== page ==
The image that probably comes to mind when you think of swans and ballet was the brainchild of Marius Petipa, the great 19th-century choreographer who brought "Swan Lake" back from oblivion.
"The Flight Portfolio" re-enacts the doings of the US-fostered Emergency Rescue Commission, sanctioned by Eleanor Roosevelt, dedicated to getting the persecuted out of the clutches of the Nazis and to safe ground, particularly in the U.S.
"Justify My Sins" is based on Felice Picano's experiences of living in mid-1970s Hollywood working for actor Cary Grant, who wanted Picano to adapt one of his own books into a screenplay vehicle for him.
Poet, novelist, playwright Kevin Killian died at his home in San Francisco on June 15, and the B.A.R. published his obituary in our June 20 edition.
"We Are Everywhere: Protest, Power, and Pride in the History of Queer Liberation" (Ten Speed Press), by Matthew Riemer and Leighton Brown, tells stories of the LGBTQ community in words and pictures, from 1868 to the present day.
Work! A Queer History of Modeling, by Elspeth H. Brown, is a unique take on the history of high fashion modeling.
"Every stage of my life feels like a story of a different man," the protagonist in Ahmal Danny Ramadan's "The Clothesline Swing" (Indigo Press) remarks, "each one a man I don't know well."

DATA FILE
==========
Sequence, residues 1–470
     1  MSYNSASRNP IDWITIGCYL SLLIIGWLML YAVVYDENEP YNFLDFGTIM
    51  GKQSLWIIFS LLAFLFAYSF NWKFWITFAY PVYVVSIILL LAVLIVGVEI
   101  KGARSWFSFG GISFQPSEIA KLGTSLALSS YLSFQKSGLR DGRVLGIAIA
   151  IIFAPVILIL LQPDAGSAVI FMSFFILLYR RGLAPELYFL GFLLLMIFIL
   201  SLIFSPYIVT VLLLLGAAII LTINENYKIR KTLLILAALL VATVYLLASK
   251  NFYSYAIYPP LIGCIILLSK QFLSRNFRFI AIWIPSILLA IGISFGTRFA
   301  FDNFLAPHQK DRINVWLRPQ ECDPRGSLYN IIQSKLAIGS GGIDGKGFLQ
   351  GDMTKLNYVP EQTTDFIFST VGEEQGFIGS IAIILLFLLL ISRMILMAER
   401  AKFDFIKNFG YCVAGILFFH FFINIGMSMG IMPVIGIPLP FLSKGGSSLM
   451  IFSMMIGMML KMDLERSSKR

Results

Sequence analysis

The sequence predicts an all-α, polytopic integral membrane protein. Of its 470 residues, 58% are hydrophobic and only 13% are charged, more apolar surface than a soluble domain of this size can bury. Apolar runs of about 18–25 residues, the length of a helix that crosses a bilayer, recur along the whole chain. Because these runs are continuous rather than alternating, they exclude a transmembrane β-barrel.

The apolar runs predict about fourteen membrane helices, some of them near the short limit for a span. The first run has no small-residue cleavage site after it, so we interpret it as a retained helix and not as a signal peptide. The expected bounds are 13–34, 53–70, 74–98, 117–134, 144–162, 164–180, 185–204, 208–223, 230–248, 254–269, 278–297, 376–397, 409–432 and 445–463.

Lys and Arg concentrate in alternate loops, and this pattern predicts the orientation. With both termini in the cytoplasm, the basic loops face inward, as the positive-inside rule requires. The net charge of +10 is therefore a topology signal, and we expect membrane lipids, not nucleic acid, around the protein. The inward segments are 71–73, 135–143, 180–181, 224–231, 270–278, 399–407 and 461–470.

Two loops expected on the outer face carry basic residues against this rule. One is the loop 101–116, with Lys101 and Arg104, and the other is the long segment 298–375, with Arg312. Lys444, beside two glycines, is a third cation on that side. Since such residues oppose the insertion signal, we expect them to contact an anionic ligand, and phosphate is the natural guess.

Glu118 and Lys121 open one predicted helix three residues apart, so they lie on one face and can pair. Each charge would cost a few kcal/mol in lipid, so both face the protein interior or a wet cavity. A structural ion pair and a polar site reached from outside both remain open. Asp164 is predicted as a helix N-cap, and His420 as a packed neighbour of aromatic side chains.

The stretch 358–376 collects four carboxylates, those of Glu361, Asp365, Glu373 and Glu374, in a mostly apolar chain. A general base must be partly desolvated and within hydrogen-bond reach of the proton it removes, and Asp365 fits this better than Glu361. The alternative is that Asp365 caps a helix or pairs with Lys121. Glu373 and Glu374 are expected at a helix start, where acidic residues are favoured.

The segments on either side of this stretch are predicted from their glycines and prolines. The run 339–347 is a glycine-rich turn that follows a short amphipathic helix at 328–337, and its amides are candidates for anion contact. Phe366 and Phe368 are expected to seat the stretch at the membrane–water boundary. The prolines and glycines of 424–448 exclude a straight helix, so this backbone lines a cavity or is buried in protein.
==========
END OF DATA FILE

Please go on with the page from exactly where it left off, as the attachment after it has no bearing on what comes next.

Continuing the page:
Celebrations of families with same-gender parents, "My Two Dads and Me" and "My Two Moms and Me" (both Doubleday), by Michael Joosten and Izak Zenou, feature kids having breakfast, going to the park, having lunch.
In author and Ohio State University professor Clayton Howard's lucid, thought-provoking examination "The Closet and the Cul-de-Sac," privacy was once a luxury item. It's now continually stretched to its tightest limits.
Deep, moving, and intensely personal, award-winning artist and designer Chris Rush's debut memoir "The Light Years" details a life navigating his drug-saturated years in the 1970s and beyond.
Visit your favorite independent bookseller or the love-it-or-hate-it Amazon.com to order copies of these LGBTQ books for readers of all rainbow stripes.
The buzz is on! Marc Huestis has just published his endlessly exciting and not infrequently moving autobiography, "Impresario of Castro Street" ($19.99).
Surely one of the last things Ocean Vuong thought he'd become is topical, and hotly so.